- September 29, 2021
In the early days of the pandemic, with commercial COVID tests in short supply, Rockefeller’s Robert B. Darnell developed an in-house assay to identify positive cases within the Rockefeller community. It turned out to be easier and safer to administer than the tests available at the time, and it has been used tens of thousands of times over the past nine months to identify and isolate infected
- September 23, 2021Sergio Aguilar-Gaxiola, program director of the UC Davis CTSC Community Engagement program, was invited to provide commentary on another team's publication. The article, published Sept. 15, focuses on farmworkers’ lack of access to health care during COVID-19.
- September 13, 2021
Washington University ICTS supported research shows that rapid saliva test screenings – aimed at early detection of the virus – contributed to exceedingly low transmission of the virus among students, teachers and staff in the six schools overseen by the Special School District of St. Louis County, the largest specialized education provider in Missouri.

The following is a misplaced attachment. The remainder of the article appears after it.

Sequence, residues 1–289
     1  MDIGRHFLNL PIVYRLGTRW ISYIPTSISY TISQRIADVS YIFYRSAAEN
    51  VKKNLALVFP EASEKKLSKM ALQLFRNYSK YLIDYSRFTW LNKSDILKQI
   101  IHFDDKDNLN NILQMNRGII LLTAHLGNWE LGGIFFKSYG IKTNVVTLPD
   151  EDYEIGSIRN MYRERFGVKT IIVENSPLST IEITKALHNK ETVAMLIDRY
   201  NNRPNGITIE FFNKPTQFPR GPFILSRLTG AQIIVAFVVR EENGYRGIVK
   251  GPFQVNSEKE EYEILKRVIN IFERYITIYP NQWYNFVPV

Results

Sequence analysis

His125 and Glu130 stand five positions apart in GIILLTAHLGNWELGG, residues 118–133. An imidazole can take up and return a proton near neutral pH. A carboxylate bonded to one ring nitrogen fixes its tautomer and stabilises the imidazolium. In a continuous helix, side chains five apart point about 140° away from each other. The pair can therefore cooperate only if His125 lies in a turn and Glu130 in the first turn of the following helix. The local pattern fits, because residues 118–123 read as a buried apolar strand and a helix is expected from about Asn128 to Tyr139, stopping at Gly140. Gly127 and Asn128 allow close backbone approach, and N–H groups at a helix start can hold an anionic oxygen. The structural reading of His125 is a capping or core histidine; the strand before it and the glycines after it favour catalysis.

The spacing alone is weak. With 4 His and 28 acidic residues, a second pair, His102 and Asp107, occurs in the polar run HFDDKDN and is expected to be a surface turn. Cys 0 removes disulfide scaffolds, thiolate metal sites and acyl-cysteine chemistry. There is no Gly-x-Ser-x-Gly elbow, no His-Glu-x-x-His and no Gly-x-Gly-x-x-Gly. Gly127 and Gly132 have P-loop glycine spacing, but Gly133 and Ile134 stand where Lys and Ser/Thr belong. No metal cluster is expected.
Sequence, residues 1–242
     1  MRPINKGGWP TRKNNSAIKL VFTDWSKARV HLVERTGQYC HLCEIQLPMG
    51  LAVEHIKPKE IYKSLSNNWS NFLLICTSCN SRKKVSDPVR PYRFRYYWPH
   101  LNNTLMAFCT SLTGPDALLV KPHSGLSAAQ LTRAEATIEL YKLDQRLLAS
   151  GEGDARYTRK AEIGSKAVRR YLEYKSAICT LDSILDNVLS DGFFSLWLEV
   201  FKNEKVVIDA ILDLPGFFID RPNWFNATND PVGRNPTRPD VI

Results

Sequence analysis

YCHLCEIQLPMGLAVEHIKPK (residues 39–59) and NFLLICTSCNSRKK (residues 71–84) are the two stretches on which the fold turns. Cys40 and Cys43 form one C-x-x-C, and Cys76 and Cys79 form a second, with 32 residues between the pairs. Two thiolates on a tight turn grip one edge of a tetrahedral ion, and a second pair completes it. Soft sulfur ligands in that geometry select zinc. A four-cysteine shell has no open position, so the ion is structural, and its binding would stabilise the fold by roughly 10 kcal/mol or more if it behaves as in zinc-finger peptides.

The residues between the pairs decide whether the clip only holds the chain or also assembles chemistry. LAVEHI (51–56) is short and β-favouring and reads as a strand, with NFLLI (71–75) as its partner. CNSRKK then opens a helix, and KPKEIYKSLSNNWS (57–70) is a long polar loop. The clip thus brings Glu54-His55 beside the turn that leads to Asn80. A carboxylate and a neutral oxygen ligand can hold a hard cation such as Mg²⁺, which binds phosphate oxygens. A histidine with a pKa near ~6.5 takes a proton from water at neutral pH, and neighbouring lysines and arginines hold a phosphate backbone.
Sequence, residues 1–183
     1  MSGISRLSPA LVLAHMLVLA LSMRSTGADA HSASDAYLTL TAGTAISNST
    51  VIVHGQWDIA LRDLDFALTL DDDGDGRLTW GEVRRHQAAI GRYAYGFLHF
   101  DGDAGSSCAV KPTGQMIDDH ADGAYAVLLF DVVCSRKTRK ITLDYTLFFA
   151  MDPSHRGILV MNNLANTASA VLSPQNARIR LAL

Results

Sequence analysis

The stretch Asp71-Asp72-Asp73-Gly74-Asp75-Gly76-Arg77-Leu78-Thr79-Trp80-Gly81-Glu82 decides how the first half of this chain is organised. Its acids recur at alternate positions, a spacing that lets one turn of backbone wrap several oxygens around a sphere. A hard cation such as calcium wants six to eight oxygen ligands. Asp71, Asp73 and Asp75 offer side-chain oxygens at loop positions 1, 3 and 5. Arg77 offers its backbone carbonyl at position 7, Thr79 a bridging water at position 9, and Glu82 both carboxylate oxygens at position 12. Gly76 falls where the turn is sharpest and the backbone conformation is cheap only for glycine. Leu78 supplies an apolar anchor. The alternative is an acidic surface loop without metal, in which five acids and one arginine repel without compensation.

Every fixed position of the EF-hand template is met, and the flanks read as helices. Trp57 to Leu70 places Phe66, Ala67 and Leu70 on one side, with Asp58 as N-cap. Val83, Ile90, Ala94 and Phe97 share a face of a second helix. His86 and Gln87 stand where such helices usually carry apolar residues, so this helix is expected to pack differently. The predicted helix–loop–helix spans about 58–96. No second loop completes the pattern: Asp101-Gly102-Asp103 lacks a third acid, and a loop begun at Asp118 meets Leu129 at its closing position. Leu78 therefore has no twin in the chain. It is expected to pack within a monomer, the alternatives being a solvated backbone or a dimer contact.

- September 13, 2021
Nearly 90% of people taking immunosuppressants to treat autoimmune conditions produce an antibody response to COVID-19 vaccination, but the response is weaker than those generated by healthy people, according to a study by ICTS researchers at Washington University School of Medicine.
- September 09, 2021
LITTLE ROCK — A University of Arkansas for Medical Sciences (UAMS) research team has identified a potential cause of long-lasting symptoms experienced by COVID-19 patients, often referred to as long-haulers. The findings were published in the journal, The Public Library of Science ONE (PLOS ONE). At the heart of the team’s findings is an antibody that shows up weeks after an initial infection and